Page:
Recent literature points to three levels of happiness. There’s The Pleasant Life—a life filled with fun and positive experiences; The Good Life—the life of one, who’s identified her signature strengths and uses them to access Flow; And, The Meaningful Life— the life of one, who uses her strengths and abilities to make a contribution to the bigger picture, the world. It’s said that people who live The Good Life and/or The Meaningful Life are happier than The Pleasant Life livers, but the whole is greater than the sum of it’s parts. Adding pleasant experiences and fun to the other two seemingly renders the best results. I know, shocking!
Here’s the deal— We can use this insight to make our #Hustle work for us, rather than against us! Get off the proverbial hamster wheel and #Hustle to use your signature strengths ( areas in which you have high confidence levels) to live The Good Life, losing yourself in Flow. This way, working hard can feel good! If you’re lucky, you’ll discover that those same strengths can be used to make the world (—even your community) a better place to live The Meaningful Life. The best part—doing so will allow you to feel your worth and value, and in turn, increase self-esteem.
"Get off the proverbial hamster wheel and #Hustle to use your signature strengths to live The Good Life."
In the words of Gloria Steinem, “Self-esteem isn’t everything; it’s just that there’s nothing without it.” Apparently, not even happiness! So, let’s get started.
IDENTIFY YOUR SIGNATURE STRENGTHS
Take this brief survey at authentichappiness.com! Knowing your individual strengths is the most important part.
Flow, a term coined by Mihály Csíkszentmihályi, is the result of being so engaged in an activity that your awareness of time disappears, and you are almost one with what you are doing. I’m sure you’ve heard an artist talk about losing herself in her art. She’s describing flow. To achieve flow, you need to be able to do three things: engage for an ample amount of time on one task, focus wholeheartedly and with intensity, and finish the task to completion. Ready, set, flow!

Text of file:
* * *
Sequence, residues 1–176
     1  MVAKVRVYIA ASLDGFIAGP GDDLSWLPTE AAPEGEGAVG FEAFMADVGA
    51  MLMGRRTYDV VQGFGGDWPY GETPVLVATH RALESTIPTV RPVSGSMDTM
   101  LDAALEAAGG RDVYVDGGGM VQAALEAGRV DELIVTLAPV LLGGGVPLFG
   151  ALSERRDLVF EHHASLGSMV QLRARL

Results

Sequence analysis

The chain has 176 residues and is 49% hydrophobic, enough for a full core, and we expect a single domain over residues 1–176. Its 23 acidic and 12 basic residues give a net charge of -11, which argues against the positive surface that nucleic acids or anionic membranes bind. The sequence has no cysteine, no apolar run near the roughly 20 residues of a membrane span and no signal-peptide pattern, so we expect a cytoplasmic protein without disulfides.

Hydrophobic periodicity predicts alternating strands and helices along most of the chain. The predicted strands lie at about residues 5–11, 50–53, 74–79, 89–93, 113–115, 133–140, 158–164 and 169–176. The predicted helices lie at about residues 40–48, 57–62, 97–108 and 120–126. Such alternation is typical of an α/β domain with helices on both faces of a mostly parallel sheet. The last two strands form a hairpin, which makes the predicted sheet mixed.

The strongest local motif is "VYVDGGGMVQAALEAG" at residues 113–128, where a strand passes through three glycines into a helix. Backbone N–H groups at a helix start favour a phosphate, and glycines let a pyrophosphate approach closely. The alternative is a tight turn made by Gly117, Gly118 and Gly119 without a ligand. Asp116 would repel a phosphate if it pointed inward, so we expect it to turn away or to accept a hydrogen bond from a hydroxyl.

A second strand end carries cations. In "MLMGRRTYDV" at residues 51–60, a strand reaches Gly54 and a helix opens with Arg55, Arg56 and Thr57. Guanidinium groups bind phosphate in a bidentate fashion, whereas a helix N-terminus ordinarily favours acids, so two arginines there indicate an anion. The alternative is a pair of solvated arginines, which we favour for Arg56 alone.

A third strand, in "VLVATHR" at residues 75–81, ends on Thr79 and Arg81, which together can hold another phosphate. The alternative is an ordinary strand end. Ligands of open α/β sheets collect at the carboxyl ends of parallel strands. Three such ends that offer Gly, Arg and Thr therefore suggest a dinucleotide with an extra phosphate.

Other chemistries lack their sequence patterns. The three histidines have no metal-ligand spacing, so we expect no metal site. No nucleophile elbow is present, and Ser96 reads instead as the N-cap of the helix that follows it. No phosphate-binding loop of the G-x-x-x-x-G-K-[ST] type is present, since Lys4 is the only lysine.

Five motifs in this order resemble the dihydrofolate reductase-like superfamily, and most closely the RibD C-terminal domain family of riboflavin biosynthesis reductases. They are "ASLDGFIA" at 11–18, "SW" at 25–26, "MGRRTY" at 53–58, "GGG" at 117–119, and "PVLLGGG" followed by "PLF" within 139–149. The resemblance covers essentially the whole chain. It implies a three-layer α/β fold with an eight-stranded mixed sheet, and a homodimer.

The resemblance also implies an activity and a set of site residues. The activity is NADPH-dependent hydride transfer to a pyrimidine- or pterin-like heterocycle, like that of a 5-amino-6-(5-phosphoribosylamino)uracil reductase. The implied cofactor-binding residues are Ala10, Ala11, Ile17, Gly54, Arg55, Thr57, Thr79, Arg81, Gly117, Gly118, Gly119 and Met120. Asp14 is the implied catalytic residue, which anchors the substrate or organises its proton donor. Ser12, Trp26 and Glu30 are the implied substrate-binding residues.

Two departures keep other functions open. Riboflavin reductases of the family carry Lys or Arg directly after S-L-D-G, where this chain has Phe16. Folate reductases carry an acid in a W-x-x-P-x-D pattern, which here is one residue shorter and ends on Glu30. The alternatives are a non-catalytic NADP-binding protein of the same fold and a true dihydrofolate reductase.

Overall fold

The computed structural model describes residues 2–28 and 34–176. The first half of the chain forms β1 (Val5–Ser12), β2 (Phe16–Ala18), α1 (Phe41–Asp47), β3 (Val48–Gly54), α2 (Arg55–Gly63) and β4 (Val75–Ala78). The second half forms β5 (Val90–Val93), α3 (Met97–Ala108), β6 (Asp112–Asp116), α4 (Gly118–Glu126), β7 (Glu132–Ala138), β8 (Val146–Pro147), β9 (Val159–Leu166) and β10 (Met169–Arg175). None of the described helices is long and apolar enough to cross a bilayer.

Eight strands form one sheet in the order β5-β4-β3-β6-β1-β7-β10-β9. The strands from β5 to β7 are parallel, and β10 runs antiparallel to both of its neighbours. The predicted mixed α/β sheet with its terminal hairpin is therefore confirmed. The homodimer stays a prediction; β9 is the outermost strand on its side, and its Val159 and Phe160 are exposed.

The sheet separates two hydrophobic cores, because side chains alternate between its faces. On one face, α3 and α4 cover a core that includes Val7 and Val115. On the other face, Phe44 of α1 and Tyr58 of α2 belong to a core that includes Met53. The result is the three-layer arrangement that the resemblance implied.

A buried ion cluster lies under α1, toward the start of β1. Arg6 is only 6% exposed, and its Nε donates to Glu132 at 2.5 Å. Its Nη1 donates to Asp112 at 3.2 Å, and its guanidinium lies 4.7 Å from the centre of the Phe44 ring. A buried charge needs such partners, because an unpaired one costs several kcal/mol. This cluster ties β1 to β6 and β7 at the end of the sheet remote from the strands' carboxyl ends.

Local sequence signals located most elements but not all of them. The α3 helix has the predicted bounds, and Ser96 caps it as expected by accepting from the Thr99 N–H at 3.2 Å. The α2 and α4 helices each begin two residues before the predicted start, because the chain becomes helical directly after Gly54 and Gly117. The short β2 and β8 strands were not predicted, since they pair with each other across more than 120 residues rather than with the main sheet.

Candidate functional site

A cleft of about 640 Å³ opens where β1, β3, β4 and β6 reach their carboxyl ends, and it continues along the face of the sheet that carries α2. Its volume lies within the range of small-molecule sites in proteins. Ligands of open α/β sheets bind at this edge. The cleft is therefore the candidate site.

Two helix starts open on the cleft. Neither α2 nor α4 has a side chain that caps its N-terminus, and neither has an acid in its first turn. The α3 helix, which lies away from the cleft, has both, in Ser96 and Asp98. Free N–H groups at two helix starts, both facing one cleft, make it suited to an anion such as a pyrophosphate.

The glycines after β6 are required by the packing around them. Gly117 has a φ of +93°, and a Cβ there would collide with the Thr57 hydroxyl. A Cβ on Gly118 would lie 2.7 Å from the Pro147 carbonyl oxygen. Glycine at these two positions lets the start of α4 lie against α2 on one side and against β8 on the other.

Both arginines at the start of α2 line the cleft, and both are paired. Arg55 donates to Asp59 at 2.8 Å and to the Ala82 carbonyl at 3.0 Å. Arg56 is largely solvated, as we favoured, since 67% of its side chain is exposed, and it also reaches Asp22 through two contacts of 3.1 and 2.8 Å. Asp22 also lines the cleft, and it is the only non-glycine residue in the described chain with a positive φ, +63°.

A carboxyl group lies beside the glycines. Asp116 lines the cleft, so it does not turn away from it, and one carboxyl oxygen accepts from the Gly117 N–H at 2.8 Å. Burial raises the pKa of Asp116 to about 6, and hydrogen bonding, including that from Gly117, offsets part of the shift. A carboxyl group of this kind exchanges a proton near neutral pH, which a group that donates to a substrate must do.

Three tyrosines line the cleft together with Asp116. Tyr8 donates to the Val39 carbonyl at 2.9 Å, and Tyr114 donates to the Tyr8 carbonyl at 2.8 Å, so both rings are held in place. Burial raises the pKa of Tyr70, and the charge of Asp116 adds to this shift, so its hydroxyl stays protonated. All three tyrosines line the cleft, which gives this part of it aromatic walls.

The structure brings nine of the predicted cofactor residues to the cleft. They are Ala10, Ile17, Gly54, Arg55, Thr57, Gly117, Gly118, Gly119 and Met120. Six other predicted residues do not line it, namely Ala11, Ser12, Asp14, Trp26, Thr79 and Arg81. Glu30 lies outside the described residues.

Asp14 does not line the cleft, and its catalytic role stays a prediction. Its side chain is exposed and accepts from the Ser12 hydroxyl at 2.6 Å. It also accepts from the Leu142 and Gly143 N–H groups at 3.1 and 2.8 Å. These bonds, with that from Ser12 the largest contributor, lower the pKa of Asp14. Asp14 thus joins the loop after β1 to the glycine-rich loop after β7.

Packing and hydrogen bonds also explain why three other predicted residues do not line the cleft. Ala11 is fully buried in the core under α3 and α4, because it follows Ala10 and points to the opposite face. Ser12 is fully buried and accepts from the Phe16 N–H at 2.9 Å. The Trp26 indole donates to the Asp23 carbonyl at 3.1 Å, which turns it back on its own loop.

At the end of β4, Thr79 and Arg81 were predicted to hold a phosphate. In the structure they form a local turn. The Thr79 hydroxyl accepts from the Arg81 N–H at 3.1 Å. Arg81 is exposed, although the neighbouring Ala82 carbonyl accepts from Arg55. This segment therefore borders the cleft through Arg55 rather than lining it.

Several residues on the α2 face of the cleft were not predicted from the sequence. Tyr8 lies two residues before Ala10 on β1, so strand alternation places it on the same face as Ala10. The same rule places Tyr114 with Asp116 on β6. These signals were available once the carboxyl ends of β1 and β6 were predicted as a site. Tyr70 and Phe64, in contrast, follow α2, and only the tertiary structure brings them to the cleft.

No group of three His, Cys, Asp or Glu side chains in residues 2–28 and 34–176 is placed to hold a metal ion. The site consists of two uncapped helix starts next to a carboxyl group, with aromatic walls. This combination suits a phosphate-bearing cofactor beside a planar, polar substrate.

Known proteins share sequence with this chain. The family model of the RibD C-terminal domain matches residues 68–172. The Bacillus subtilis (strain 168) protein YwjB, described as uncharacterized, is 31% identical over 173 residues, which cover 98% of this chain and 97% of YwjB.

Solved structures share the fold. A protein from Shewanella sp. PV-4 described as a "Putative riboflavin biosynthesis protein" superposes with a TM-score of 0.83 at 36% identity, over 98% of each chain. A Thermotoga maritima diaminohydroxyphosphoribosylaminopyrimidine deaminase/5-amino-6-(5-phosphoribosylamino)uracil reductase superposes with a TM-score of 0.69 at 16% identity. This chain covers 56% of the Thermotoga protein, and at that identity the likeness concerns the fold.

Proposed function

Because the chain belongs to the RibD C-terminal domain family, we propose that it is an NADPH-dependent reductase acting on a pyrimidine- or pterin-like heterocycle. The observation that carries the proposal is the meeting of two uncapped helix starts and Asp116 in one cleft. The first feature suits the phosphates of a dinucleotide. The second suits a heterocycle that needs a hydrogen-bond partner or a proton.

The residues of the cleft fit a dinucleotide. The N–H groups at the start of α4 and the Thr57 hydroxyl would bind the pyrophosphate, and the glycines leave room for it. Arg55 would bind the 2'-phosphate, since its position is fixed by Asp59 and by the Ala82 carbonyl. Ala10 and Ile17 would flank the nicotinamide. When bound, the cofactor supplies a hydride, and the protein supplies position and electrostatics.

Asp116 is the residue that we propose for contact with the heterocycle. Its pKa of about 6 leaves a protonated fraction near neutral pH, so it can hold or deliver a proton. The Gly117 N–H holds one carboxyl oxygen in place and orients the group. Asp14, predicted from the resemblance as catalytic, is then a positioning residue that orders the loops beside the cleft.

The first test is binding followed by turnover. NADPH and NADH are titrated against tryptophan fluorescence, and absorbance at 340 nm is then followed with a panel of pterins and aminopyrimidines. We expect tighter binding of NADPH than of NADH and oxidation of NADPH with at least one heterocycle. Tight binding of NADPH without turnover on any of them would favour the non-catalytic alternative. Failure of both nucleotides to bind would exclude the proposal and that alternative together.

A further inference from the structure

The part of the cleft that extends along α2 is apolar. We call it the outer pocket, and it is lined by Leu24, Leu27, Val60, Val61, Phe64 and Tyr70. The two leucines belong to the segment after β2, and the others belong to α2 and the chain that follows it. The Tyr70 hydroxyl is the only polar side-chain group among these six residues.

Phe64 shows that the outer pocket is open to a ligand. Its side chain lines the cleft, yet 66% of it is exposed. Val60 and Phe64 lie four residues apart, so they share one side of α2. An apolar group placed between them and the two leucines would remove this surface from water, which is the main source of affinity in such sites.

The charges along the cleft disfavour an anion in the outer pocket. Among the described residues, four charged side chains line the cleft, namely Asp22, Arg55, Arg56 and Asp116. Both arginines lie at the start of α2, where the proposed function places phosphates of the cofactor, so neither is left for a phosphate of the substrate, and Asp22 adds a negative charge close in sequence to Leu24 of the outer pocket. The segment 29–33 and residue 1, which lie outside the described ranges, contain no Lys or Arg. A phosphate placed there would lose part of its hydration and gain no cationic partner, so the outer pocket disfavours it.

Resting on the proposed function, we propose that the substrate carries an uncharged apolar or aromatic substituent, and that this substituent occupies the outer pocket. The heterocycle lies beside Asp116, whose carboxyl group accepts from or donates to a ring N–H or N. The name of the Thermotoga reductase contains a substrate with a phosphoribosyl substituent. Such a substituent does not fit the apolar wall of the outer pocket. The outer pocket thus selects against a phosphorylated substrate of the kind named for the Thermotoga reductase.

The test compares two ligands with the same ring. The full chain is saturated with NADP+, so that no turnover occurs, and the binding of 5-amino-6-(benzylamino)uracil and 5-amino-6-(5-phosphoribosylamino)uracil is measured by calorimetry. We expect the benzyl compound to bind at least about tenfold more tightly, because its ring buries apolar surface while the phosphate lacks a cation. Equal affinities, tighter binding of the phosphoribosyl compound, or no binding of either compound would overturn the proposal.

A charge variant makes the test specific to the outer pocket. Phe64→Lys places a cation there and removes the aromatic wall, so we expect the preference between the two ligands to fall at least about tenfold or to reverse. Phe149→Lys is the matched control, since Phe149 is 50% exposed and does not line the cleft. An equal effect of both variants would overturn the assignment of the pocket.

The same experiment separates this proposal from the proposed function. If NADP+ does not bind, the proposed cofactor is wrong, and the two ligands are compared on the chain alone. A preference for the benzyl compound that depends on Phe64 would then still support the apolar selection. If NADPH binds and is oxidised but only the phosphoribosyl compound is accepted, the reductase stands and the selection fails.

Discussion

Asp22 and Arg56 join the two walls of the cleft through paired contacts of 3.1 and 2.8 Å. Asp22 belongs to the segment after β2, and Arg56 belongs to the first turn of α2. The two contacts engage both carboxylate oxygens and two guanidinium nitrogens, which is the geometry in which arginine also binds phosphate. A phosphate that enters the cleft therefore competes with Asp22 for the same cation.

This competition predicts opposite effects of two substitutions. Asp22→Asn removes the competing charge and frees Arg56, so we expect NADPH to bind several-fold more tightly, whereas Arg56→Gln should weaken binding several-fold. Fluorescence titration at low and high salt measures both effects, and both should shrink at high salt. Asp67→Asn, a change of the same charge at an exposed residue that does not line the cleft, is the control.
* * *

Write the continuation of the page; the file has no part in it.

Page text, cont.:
The trick to fulfillment is to make the shift from self-centered to others-centered. Use your strengths to get outside yourself and do things in your community to make your world a better place. Remember, giving back is an integral part of your personal growth and development, and the bonus is that you’re doing great things.
Take breaks and get social. In reality, we are social beings having a human experience, not visa versa. When we spend too much time mastering our craft, we get a little bit squirrelly! Have pleasant conversations. See amazing places. Do fun things. For this one, think — You only live once!
With a commitment to honing your #Hustle toward the life you deserve ( —which at times means to #AntiHustle!) and have fun, too, you might be the one to finally define happiness for us all.
Dr. Lauren’s on a mission to bring psychology to the public. She contributes to a variety of online publications, provides candid talks to women’s organizations across the country, and was recently cited in Forbes. Lauren’s next appearance is on September 9, when she will deliver a Ted Talk entitled Life Works. Her talk is said to highlight various aspects of the book she’s currently writing on “how to do the human-being thing really well.”
Dr. Lauren is the 2016 recipient of The Psychology in the Media Award from The Pennsylvania Psychological Association and is a member of The American Psychological Association. For more from Lauren, visit @dr_lauren and sign up for her weekly newsletter at HeyLauren.com.